As the high season for agricultural labour in the United States approaches, tens of thousands of migrant workers from Mexico are getting ready to head to the fields in their northern neighbour to carry out the work that ensures that food makes it to people's tables.
Rosa Manzano carefully arranges pieces of wood in a big mud igloo that, seven days after it is full, will produce charcoal of high caloric content.
Water security and profitability are the Achilles heels of the plan to modernise 60 hydroelectric plants in Mexico, drawn up by the administration of President Andrés Manuel López Obrador.
As the COP25 deliberations enter the decisive final week, representatives of environmental and social organisations gathered in a parallel summit are pressing the governments to adopt stronger commitments in the face of a worsening climate emergency.
Tens of thousands of delegates from state parties began working Monday Dec. 2 in the Spanish capital to pave the way to comply with the Paris Agreement on climate change, while at a parallel summit, representatives of civil society demanded that the international community go further.
The Inter-American Development Bank (IDB) is in the process of modernising the social and environmental safeguards that govern the financing of projects considered vital for the construction of sustainable infrastructure in the Latin American region.
The sun's rays are also used to cook food and thus replace the burning of firewood and gas, improve the health of local residents and fuel the energy transition towards the use of renewable sources - the objectives of an enterprise in the southern Mexican state of Oaxaca.
Reyna Díaz cooks beans, chicken, pork and desserts in her solar cooker, which she sets up in the open courtyard of her home in a poor neighborhood on the outskirts of this town in southwestern Mexico.
"They mislead the workers, tell them that they will be paid well and pay them much less. The recruiters and the employers deceive them," complained Marilyn Gómez, a migrant farm worker in Mexico.
Minerva Montes lost her home on Holbox Island in 2005 when Hurricane Wilma hit the Yucatan Peninsula in southeastern Mexico. Rebuilding her home was quicker and easier than overcoming the psychological aftermath of the catastrophe.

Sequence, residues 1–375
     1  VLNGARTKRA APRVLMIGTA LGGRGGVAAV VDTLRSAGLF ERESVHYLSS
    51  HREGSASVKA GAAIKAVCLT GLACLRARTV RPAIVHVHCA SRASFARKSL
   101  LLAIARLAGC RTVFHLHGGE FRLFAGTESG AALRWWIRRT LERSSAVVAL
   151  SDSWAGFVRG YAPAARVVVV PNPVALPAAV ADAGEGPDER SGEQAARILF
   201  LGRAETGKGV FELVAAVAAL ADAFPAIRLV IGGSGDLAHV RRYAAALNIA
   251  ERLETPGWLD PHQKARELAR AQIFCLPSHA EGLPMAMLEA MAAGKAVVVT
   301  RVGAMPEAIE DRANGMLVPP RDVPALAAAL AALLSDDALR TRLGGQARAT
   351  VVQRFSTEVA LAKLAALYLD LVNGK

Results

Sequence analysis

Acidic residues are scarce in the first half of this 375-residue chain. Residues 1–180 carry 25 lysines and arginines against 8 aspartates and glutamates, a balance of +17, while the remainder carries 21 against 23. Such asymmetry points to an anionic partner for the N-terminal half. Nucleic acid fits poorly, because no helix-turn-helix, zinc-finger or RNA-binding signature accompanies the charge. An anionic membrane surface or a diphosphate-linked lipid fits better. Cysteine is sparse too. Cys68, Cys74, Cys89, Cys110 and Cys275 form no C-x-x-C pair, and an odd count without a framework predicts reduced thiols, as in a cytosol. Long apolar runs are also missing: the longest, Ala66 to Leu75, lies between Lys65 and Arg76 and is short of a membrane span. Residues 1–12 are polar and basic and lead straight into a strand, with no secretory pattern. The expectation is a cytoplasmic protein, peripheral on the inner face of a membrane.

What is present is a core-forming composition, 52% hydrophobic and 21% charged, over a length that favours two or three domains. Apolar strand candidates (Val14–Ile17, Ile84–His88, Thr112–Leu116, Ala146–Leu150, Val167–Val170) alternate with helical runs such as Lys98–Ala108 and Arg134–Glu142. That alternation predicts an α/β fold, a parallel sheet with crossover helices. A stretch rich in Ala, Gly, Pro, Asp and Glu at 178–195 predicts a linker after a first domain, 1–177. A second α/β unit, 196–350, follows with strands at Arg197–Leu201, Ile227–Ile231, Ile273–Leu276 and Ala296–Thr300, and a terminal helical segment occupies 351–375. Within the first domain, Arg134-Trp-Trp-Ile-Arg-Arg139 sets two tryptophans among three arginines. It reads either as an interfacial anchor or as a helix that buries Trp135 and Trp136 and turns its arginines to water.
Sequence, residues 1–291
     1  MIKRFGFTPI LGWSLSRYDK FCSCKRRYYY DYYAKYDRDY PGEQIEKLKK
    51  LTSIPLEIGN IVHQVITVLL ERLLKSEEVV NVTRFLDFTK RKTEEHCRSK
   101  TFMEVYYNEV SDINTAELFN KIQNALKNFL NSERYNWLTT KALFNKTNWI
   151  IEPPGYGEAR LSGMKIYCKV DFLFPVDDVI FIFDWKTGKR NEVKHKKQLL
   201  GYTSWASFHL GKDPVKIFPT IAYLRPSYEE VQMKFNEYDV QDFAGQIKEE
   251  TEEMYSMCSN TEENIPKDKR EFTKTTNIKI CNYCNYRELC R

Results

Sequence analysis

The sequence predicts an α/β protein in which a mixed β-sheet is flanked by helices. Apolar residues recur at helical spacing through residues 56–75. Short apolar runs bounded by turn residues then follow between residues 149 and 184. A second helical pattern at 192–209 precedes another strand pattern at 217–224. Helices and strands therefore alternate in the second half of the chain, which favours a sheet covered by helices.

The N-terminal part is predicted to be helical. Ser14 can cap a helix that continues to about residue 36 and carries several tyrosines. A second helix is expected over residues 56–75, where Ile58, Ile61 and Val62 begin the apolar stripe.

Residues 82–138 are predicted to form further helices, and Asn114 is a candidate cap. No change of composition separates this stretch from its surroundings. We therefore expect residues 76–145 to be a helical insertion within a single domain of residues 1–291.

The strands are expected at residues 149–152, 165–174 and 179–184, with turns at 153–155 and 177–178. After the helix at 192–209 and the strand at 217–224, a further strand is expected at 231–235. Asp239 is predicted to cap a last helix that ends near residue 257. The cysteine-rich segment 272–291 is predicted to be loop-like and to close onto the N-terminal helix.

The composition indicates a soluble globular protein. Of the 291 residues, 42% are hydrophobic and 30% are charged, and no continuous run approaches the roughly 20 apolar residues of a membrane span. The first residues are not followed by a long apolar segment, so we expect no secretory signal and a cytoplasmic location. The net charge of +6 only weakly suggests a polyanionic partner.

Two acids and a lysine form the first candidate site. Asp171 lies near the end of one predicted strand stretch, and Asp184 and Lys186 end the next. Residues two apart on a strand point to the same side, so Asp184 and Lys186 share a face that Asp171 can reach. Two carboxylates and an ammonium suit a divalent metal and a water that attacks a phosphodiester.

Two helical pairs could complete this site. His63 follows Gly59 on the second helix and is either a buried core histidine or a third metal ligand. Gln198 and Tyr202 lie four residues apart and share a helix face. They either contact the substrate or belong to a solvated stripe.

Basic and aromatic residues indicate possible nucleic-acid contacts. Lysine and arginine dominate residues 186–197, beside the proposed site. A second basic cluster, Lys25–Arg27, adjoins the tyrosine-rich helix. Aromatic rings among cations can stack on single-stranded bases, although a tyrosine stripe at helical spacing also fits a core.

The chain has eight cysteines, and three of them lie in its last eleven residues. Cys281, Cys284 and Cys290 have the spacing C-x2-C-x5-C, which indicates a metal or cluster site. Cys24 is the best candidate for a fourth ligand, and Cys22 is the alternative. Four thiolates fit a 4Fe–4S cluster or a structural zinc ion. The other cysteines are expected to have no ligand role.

"We're in a very difficult situation. There is militarisation at a regional level, and gender-based violence. We are at risk, we cannot silence that," Aura Lolita Chávez, an indigenous woman from Guatemala, complained at a meeting of human rights defenders from Latin America held in the Mexican capital.
Social organisations in the central Mexican municipality of Yecapixtla managed to halt the construction of a large thermoelectric plant in the town and are now designing a project to convert the installation into a solar panel factory, which would bring the area socioeconomic and environmental dividends.
"I couldn't plant my cornfield in May, because it rained too early. I lost everything," lamented Marcos Canté, an indigenous farmer, as he recounted the ravages that climate change is wreaking on this municipality on Mexico's Caribbean coast.
"I dream of a healthy, sustainable, well-managed forest," says Rogelio Ruiz, a silviculturist from southern Mexico, who insists that "we have to clean it up, take advantage of the wood, and reforest.”
"If thousands of people flock to this town, how will we be able to service them? I'm afraid of that growth," Zendy Euán, spokeswoman for a community organisation,said in reference to the Mayan Train (TM) project, a railway network that will run through five states in southern Mexico.
"Setback" and "disillusionment" were the terms used by Yolanda Morán, a mother whose son was the victim of forced disappearance, to describe the security plan outlined by Mexican president-elect Andrés Manuel López Obrador, who takes office on Dec. 1.
Following the fanfare of the countries' leaders and the relief of the export and investment sectors, experts are analysing the renewed trilateral agreement with Canada and the United States, where Mexico made concessions in sectors such as e-commerce, biotechnology, automotive and agriculture.
Manuel Villegas is one of the peasant farmers who decided to start planting amaranth in Mexico, to complement their corn and bean crops and thus expand production for sale and self-consumption and, ultimately, contribute to improving the nutrition of their communities.
Achuar indigenous communities in Ecuador are turning to the sun to generate electricity for their homes and transport themselves in canoes with solar panels along the rivers of their territory in the Amazon rainforest, just one illustration of how indigenous people are seeking clean energies as a partner for sustainable development.
Fishermen are scarce in the Klamath River delta, unlike other fishing season, because climate change has driven up water temperatures which kills off the salmon, the flagship species of this region in northern California.
One of the fears of the people of the Sierra Huasteca mountains in the state of San Luis Potosi in northeast Mexico is the construction of combined cycle power plants, which would threaten the availability of water.